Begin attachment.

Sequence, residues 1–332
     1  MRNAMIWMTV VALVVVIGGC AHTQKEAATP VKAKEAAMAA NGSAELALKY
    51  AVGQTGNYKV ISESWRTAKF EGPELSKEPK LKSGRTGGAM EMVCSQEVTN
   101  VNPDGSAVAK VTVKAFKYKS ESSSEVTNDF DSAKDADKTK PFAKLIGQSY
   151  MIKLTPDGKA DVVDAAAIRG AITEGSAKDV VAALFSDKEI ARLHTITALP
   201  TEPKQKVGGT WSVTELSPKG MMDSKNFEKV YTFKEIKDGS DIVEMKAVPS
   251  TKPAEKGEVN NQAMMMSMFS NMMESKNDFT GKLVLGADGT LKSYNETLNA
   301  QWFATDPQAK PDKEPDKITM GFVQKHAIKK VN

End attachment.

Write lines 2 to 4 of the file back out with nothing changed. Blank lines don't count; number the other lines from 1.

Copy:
     1  MRNAMIWMTV VALVVVIGGC AHTQKEAATP VKAKEAAMAA NGSAELALKY
    51  AVGQTGNYKV ISESWRTAKF EGPELSKEPK LKSGRTGGAM EMVCSQEVTN
   101  VNPDGSAVAK VTVKAFKYKS ESSSEVTNDF DSAKDADKTK PFAKLIGQSY